ade his home at Augusta, Ga., and subsequently removed to South Carolina. From 1877 to 1880 he was connected with the quartermaster's department, United States army, at Charleston. He died at Aiken, S. C., August 6, 1881. Major-General Stephen Dodson Ramseur Major-General Stephen Dodson Ramseur was born May 31 , 1837, at Lincolnton, N. C., son of Jacob A. and Lucy M. Ramseur. Among his ancestors was John Wilfong, a revolutionary hero, who fought valiantly at King's Mountain and Eutaw Springs. He was educated at the United States military academy, with graduation in 1860, and was promoted to lieutenant in the Fourth artillery. His brief service in the United States army was rendered at Fortress Monroe and Washington, D. C., and was ended by his resignation April 6, 1861, to enter the service of the Confederate States government. He was offered the command of the Ellis light artillery, of Raleigh, was commissioned major of State troops, and was ordered to Smithfield, Va. He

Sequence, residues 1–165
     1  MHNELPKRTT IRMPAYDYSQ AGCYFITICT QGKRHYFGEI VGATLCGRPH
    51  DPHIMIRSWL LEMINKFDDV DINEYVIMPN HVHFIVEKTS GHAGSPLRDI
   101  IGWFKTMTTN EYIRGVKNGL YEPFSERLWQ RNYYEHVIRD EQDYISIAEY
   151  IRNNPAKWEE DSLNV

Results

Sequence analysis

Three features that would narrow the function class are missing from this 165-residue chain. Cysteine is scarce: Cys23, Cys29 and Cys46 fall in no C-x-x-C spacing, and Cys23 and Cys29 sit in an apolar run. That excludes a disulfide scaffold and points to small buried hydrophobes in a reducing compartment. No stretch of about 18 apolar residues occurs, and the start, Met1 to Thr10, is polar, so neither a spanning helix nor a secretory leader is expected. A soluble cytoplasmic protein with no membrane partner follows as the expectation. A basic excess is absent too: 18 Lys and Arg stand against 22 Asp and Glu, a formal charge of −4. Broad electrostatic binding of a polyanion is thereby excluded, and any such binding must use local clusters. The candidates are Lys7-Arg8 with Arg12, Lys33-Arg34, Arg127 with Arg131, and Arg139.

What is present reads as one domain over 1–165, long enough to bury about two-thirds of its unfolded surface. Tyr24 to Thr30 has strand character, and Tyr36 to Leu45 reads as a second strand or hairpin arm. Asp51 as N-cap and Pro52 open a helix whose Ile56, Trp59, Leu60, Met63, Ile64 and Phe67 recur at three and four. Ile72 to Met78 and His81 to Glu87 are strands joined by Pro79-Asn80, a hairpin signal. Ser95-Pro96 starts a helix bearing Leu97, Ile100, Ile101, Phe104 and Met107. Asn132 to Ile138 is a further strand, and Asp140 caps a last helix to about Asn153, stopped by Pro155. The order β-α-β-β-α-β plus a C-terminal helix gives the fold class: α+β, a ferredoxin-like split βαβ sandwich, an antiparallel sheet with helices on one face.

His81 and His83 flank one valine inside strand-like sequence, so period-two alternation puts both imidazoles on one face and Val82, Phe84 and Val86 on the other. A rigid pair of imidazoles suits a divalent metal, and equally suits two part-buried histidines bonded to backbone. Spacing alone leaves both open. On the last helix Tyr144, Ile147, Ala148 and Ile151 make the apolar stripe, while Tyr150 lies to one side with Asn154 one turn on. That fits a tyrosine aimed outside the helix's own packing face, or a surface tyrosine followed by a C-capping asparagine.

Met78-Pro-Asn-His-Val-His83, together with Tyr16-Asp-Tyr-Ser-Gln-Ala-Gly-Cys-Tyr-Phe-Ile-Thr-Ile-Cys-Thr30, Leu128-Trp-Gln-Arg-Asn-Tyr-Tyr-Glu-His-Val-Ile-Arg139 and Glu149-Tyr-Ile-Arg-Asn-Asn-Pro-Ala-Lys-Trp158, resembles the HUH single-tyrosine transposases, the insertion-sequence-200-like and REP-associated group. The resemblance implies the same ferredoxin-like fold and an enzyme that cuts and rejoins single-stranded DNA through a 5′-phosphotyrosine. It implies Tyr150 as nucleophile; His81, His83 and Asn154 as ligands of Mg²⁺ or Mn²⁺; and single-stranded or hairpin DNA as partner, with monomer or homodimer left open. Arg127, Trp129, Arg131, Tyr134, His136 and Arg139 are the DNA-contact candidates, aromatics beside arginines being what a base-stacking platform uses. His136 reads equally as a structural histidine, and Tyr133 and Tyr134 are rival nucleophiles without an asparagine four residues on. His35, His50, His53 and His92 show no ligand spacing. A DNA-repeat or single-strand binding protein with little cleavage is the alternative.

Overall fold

1 2 3